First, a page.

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Where To Find Guided Imagery Training

26 Jun

Question:  

Belleruth,
I am very interested in finding out I can become an active practitioner of GI.  For years, I used this technique in my classroom to lessen test anxiety in students. I currently conduct "rest and restore" sessions at the local Y using GI type techniques but I would like increase what I do and how I do it. Where and how can I get more training?

Paula

 

Answer:

Hello, Paula.  
How lucky your students were to have had you helping them with guided imagery for test anxiety!  Lots of teachers wind up learning it for just that reason, and often intuit their way into doing some pretty spectacular work, with or without the training.  

But there are hard skills to be learned here too, and plenty of places to get them.  For starters, I strongly recommend you join Imagery International, a classy, practitioner-focused professional association of guided imagery clinicians.  They serve as a networking and resource center, put out a terrific blog, print a first-rate journal, host teleconferences featuring experts and hold an annual conference filled with equal measures of content and warmth, expertise and inspiration.   

There are books, too.  As a retired teacher, you’ll be interested to know about Janice McDermott and Joan Stewart’s Grand Ideas from Within, a program for middle schoolers using guided imagery, and it has a companion guide that clues you in to how they go about it.  

Another important kids’ imagery resource is Charlotte Reznick’s excellent new book, The Power of Your Child’s Imagination.  




For working with adults, there’s Andrew Schwartz’s Guided Imagery for Groups – a wonderful collection of imagery scripts, ideas, and pointers for using guided imagery with all sorts of groups.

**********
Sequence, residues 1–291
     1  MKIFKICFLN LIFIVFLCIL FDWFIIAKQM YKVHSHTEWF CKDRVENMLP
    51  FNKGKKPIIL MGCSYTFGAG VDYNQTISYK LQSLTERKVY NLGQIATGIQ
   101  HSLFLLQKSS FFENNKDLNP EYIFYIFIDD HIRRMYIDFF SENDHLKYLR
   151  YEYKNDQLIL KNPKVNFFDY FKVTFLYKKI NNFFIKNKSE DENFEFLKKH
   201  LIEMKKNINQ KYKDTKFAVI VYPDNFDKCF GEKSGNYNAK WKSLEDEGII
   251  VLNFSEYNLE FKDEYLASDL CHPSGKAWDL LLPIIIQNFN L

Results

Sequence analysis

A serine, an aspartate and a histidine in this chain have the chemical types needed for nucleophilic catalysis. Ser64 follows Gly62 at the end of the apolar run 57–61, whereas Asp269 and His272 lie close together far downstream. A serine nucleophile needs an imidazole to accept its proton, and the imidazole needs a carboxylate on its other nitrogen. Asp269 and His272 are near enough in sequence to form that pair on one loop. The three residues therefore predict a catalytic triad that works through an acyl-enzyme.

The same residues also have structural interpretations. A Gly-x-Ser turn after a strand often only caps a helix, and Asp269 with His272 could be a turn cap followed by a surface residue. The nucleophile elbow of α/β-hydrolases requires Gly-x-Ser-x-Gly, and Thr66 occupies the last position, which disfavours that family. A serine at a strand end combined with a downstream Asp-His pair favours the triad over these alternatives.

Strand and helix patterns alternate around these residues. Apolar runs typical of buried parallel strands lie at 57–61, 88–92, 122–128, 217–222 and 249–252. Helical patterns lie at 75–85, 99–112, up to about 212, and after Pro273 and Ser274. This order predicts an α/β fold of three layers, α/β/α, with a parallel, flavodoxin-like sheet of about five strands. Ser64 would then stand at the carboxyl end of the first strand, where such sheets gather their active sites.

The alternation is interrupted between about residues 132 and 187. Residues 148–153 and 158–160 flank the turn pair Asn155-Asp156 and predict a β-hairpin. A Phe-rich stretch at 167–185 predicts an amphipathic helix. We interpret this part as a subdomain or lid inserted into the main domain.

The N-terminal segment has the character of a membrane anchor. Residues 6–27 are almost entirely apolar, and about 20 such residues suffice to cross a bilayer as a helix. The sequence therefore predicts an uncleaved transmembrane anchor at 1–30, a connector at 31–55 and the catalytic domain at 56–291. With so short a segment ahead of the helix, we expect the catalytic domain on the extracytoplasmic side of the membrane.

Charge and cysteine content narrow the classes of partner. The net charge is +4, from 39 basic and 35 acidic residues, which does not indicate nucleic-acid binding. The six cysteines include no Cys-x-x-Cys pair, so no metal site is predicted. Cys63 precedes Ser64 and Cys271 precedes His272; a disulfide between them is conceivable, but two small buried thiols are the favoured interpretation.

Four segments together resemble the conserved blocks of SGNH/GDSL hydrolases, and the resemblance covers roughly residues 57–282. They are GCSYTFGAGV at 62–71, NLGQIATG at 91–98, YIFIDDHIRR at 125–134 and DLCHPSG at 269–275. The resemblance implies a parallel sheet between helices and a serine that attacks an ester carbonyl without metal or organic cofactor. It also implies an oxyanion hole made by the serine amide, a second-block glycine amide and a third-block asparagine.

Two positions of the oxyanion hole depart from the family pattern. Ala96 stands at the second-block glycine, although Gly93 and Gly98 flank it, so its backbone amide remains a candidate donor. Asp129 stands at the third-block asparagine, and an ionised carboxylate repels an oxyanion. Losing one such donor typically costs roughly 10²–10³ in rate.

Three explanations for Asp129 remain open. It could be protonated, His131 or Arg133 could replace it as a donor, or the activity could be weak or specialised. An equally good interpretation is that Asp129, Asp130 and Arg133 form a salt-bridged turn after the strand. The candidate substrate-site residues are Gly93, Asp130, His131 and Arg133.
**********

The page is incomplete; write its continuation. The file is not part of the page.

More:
Marty Rossman, the pioneering co-founder of the Academy for Guided Imagery, has a new, revised edition of his classic book, Guided Imagery for Self-Healing.

Julie Lusk wrote the very handy 30 Scripts for Relaxation, Imagery & Inner Healing – Volumes 1 and 2 – with many pointers and suggestions as well as scripts from a variety of practitioners and styles.  

My book, Staying Well with Guided Imagery offers scripts, advice on construction of a narrative and research to back up some claims; I actually put a lot more practitioner advice in Invisible Heroes: Survivors of Trauma and How They Heal.





If you want a training program, The Academy for Guided Imagery hosts an excellent distance learning program; The Bonny Method of Guided Imagery and Music (GIM) uses a different but just as excellent approach, more featuring the music with the imagery spontaneously growing out of the experience of listening, but there doesn’t seem to be any central training organization any more – at least not that I could find.  Rather it seems to have gotten dispersed among several Bonny-trained practitioners, and I just don’t know them to vouch for their particular classes one way or the other - just the method, which is beautiful and powerful.  Susan Ezra and Terry Reed’s Beyond Ordinary Nursing may still be doing their superb training, too.  Seems to me they’ve slowed down some, as well. (They are both very involved in Imagery International now).  And there’s a Center for Healing and Imagery in the Washington DC Metro area that has a terrific curriculum of weekend workshops and they teach both Interactive Imagery and Somatic Imagery.

I hope this helps.  Best of luck with this!
All best,
Belleruth  

Belleruth Naparstek

Psychotherapist, author and guided imagery pioneer Belleruth Naparstek is the creator of the popular Health Journeys guided imagery audio series. Her latest book on imagery and posttraumatic stress, Invisible Heroes: Survivors of Trauma and How They Heal (Bantam Dell), won the Spirituality & Health Top 50 Books Award